Session Type: ACR Poster Session C
Session Time: 9:00AM-11:00AM
Background/Purpose: Systemic lupus erythematosus (SLE) is a systemic autoimmune disease that involves multiple organ systems and periods of variable disease activity. Although SLE, especially in patients with high disease activity, is often associated with increased circulating pro-inflammatory cytokines, a clear understanding of immune dysfunction preceding and during high disease activity is lacking. The identification of genes and gene pathways that are differentially regulated between SLE and healthy individuals, as well as between patients with varying disease activity, may allow better selection of directed therapeutics and development of new targets. To address this knowledge gap, we determined the chromatin accessibility landscape of three distinct compartments of the lupus immune system using the ‘Assay for Transposase Accessible Chromatin Sequencing’ (ATAC-seq) method.
Methods: Monocytes, B cells, and T cells were sorted by flow cytometry from frozen PBMCs of 9 SLE patients and 5 matched controls. Sorted cell fractions were processed for high-throughput open chromatin profiling by ATAC-seq. Reads were aligned to the hg19 genome and regions of enriched chromatin accessibility “peaks” were identified with MACS2. For each cell type, we identified the consensus set of epigenetically active peaks across all 14 subjects. We conducted enrichment tests of identified loci using the GREAT tool and performed differential accessibility analysis using the edgeR package in R. Transcription factor binding motif enrichment and overlaps with known SLE risk haplotypes were also determined.
Results: All cell types showed similar percentages (39~43%) of coding transcripts with open chromatin in promoters. The peaks unique to each profile were enriched in genomic loci specific to their cellular function: T cell development/activation for T cells, B cell development/activation for B cells, and phagocytosis, apoptotic cell clearance, and inflammatory cytokine regulation for monocytes. Analysis of transcription factor binding motifs in ATAC peaks identified cell type specific promoters including myeloid and lymphoid cell lineage commitment transcription factors. Quantitative analysis revealed chromatin accessibility loci that discriminate between SLE and controls, as well as between high and low disease activity. Of the total 53338 monocyte specific peaks observed in at least 7 samples, 308 peaks allowed us to differentiate between SLE and controls, whereas in T and B cells the numbers were 57 of 34818 and 553 of 39425, respectively. Motif analysis revealed that many consensus peaks occupy binding sites of cohesin complex subunits, suggesting that long-range chromatin interactions may mediate immune responses that drive SLE progression. In addition, of 2519 SLE genetic risk SNPs, 320 were located within an open chromatin peak suggesting functional relevance.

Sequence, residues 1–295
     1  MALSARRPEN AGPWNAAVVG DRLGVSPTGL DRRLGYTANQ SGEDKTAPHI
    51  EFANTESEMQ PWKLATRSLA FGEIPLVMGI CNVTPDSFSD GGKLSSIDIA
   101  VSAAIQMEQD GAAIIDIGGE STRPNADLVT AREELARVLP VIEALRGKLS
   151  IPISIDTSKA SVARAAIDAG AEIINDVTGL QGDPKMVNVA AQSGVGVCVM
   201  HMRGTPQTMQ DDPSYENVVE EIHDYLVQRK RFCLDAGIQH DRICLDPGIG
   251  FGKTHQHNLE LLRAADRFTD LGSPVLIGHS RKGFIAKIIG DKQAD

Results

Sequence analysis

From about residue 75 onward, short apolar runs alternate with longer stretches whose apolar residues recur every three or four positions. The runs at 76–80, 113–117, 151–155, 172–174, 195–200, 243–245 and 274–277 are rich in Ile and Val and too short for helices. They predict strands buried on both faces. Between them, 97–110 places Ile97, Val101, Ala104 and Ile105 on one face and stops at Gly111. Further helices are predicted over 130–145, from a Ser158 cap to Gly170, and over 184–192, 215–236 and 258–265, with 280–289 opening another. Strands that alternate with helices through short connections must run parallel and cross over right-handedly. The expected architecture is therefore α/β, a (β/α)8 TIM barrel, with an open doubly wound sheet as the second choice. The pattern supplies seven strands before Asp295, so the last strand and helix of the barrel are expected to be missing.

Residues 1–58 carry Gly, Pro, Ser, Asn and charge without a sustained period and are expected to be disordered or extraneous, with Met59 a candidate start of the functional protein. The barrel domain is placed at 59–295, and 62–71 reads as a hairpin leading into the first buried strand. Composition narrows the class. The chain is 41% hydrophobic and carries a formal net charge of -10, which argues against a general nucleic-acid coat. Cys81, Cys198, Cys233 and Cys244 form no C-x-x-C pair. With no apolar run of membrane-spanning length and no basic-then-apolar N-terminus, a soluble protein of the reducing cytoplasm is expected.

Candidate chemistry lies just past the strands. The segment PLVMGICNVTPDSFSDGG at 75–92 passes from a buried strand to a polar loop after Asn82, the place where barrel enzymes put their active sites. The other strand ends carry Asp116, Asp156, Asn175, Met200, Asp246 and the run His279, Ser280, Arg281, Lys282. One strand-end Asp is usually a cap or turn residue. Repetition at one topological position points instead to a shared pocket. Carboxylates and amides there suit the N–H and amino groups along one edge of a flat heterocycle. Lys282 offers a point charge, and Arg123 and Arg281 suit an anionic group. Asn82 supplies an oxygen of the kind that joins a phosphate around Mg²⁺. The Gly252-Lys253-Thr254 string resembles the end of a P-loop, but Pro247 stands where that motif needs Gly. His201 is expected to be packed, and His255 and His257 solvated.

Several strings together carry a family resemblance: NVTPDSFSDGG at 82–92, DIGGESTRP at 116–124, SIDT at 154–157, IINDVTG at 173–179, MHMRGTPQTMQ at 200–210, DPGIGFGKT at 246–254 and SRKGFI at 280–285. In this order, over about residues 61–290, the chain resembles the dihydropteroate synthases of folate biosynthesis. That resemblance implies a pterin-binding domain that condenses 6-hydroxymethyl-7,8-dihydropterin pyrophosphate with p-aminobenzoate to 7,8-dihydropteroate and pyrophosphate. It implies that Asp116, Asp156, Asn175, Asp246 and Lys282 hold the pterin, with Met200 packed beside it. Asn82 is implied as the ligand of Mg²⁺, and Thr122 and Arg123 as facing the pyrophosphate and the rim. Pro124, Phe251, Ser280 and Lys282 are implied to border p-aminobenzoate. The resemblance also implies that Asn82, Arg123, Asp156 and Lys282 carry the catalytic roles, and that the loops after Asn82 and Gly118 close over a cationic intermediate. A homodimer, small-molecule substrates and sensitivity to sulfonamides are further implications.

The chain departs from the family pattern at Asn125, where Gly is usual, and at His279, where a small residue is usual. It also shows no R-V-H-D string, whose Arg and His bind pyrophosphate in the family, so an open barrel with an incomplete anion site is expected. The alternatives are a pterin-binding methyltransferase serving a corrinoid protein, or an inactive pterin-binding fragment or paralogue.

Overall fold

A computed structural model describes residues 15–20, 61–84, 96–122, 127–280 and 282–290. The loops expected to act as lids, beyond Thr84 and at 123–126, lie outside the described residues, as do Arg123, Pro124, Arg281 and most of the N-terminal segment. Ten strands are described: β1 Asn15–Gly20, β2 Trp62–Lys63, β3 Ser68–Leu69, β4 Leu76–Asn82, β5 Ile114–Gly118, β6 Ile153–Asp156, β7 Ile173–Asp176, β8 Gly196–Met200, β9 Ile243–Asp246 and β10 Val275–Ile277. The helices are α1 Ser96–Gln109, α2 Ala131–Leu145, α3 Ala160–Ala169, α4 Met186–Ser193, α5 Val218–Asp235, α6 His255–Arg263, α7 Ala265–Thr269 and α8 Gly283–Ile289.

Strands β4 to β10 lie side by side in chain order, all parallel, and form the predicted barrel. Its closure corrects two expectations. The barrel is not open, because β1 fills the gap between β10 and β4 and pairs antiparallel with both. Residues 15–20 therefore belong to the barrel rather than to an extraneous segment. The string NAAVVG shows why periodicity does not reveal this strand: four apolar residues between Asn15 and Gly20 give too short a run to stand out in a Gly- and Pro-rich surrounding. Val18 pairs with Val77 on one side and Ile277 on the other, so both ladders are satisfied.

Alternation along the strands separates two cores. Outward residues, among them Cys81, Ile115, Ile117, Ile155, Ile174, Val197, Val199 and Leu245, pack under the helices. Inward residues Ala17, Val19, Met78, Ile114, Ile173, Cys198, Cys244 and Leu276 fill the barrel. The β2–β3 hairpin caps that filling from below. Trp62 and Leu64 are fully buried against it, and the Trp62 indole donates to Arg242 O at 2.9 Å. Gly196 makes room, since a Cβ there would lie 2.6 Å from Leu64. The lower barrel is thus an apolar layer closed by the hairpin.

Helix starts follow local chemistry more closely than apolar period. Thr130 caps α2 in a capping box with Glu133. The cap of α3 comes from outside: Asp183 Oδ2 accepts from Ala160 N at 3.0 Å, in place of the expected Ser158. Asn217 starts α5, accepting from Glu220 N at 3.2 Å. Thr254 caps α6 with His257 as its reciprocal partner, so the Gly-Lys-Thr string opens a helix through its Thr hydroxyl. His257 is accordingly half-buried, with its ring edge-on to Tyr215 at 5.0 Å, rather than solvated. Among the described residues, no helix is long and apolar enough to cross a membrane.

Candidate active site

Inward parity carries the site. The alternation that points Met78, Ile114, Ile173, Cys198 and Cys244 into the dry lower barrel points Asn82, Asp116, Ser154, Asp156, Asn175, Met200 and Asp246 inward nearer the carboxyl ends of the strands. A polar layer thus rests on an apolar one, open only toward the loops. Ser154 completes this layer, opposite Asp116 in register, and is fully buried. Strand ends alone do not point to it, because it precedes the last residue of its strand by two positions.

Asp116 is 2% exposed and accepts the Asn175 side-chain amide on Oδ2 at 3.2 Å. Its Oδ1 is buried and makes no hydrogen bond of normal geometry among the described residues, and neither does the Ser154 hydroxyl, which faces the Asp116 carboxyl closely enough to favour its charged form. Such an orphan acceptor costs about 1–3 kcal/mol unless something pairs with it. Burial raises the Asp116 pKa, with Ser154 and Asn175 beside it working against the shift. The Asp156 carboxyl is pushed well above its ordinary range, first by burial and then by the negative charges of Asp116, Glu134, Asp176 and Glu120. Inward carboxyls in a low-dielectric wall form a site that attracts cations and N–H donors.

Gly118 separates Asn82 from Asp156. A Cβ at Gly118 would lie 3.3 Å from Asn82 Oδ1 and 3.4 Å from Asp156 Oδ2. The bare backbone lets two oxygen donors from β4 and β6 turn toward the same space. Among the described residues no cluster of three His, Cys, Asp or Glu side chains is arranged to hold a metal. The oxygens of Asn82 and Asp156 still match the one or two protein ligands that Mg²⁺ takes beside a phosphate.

Conclusion: Our data suggest that SLE and controls show cell type specific differences in their chromatin accessibility, and these profiles differ across the spectrum of disease activity. Chromatin profiling, integrated with transcriptome data, may expand our knowledge of how specific cell states drive SLE pathogenesis.
To cite this abstract in AMA style:Jog NR, Pelikan RC, Bebak M, Guthridge JM, James JA, Gaffney PM. Cell-Type Specific Epigenetic Features of Systemic Lupus Erythematosus [abstract]. Arthritis Rheumatol. 2016; 68 (suppl 10). https://acrabstracts.org/abstract/cell-type-specific-epigenetic-features-of-systemic-lupus-erythematosus/. Accessed October 28, 2020.
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ACR Meeting Abstracts - https://acrabstracts.org/abstract/cell-type-specific-epigenetic-features-of-systemic-lupus-erythematosus/